Seth Rich murder draws new interest; media overlook similarities to murder of JFK mistress

Mary's Mosaic cover

Janney’s book ‘Mary’s Mosaic’ recounts the life of a key influencer on the late JFK, but Mary Pinchot Meyer is relatively unknown to the public.

[ Attention: Fox News source story related to minor parts of this article has been retracted. Fox posted a statement including this:

“The article was not initially subjected to the high degree of editorial scrutiny we require for all our reporting. Upon appropriate review, the article was found not to meet those standards and has since been removed.”

I have noted the references to that story with an asterisk. Additional changes are in brackets. I will publish updates as they come out. ~KBD]

Every time I see news about the murder of DNC staffer Seth Rich, I think about a murder that occurred in the aftermath of a cataclysmic political moment in my childhood.

Just as Seth Rich’s murder has raised more questions than answers, so did the murder of Mary Pinchot Meyer.

Rich worked for the DNC; he was murdered in Washington, DC in July, 2016.

Meyer was reportedly a favored mistress of the late president John F. Kennedy. She was murdered in Washington, DC in October, 1964 amid a political construct then referred to as the Warren Commission.

Do the similarities end there?

Not really.

Meyer’s death came at a time when the country was still reeling over the assassination of a charismatic young president whose quasi-fictional image had been carefully constructed by media and political actors. Meyer didn’t buy into the US government’s findings about the murder of JFK. Meyer had been shot twice—in the head and in the back.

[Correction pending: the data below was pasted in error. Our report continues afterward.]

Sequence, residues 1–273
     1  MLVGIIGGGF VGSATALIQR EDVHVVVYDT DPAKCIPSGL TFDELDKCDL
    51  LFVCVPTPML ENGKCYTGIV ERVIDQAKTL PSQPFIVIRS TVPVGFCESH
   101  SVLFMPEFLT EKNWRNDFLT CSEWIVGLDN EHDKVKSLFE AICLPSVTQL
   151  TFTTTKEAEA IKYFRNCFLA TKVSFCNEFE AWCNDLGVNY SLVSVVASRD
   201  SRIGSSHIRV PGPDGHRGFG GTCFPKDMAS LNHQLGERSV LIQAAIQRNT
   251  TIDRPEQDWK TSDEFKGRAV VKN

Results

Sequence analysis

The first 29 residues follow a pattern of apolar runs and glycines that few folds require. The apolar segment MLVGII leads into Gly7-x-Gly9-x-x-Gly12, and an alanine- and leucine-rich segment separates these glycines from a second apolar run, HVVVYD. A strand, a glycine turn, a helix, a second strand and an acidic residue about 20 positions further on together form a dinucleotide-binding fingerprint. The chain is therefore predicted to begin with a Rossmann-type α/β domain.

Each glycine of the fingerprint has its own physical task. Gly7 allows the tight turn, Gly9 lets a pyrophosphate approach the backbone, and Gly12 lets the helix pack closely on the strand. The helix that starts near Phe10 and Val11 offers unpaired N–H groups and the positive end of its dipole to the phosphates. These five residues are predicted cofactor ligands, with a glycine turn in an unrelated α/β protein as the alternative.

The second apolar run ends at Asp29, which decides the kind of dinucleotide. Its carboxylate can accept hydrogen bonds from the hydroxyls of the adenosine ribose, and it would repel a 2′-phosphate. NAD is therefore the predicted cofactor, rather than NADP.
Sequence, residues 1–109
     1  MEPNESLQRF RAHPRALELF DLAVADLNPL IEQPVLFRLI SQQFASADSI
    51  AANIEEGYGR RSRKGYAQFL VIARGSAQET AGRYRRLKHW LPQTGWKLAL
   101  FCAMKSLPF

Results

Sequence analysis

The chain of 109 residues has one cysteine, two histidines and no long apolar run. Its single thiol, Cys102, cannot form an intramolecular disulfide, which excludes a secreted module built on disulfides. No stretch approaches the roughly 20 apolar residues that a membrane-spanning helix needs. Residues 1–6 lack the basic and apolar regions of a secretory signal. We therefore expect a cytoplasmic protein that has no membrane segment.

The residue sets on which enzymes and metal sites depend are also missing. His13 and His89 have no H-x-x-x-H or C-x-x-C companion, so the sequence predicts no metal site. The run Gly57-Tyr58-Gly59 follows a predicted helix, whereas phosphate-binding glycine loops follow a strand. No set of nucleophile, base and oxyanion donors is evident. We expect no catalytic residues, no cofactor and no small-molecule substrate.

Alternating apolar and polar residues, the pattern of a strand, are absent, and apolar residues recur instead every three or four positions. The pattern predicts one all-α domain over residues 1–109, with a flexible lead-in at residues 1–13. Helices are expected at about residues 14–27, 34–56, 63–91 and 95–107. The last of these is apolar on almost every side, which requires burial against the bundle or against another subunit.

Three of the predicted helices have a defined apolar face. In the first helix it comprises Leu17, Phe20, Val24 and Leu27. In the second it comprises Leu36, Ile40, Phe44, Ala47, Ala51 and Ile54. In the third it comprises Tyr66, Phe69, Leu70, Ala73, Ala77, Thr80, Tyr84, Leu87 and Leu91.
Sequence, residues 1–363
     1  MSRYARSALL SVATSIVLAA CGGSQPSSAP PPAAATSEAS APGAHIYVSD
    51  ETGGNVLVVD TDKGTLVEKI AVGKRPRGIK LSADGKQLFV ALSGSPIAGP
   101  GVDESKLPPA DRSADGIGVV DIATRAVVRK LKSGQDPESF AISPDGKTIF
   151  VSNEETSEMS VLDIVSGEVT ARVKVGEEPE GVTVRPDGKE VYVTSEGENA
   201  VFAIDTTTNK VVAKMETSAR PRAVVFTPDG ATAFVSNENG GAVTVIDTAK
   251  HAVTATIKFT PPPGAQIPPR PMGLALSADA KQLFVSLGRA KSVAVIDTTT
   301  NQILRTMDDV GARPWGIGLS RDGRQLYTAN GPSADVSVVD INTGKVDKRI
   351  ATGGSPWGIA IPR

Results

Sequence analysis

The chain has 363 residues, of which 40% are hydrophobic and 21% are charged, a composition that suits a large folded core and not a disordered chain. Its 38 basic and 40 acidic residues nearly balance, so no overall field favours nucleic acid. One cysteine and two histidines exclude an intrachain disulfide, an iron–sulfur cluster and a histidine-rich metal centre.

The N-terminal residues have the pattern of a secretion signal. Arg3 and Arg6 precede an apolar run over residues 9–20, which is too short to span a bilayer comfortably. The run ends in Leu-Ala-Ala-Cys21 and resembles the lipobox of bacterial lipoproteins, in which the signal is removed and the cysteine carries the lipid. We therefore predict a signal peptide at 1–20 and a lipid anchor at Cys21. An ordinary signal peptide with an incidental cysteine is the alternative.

Meyer had power she perhaps underestimated. She’d kept a diary, and presumably wrote about her relationship with JFK. Peter Janney, who knew Meyer personally, devoted a book to her story, Mary’s Mosaic. Powers that be apparently wanted the diary. Numerous media reported various government actors searching for the diary shortly after her murder. Meyer had been married to CIAer Cord Meyer. Her brother in law was Ben Bradlee—of The Washington Post.

Segue to the murder of Seth Rich.

Rich worked for the DNC, and conspiracy theorists believe [but have yet to substantiate] he may have been the source of DNC leaks to WikiLeaks. As with Meyer, robbery didn’t appear to be the motive for Rich’s killers because his wallet, jewelry, and other valuables weren’t taken.

Rich and Meyer were both walking on a public street when they were murdered.

In the case of Meyer, authorities tried a man but failed to convict him. An account of the trial of Ray Crump is included in Janney’s book. Crump was defended by civil rights trailblazer Dovey Johnson Rountree, a black attorney who happened to be female. Crump’s acquittal was one for the record books because of the era the events took place in.

Interest in Rich’s murder is rekindling after *Fox News published an update on the case. Unnamed law enforcement officials told Fox Rich had contacted WikiLeaks.*

Add in the fact as the DNC leaks were being investigated [Wired magazine]:

“The FBI repeatedly stressed to DNC officials the necessity of obtaining direct access to servers and data, only to be rebuffed until well after the initial compromise had been mitigated.”

Why didn’t the FBI simply get a search warrant for those DNC servers, since a crime had been committed? No media have bothered to ask.

Crowdstrike has been credited for investigating the DNC data—the same security company is a primary source for claims actors affiliated with the Russian government “breached” the DNC.

Zero Hedge has raised questions about Crowdstrike’s objectivity in this matter and in the same article, pointed out questions about other unrelated claims by the company.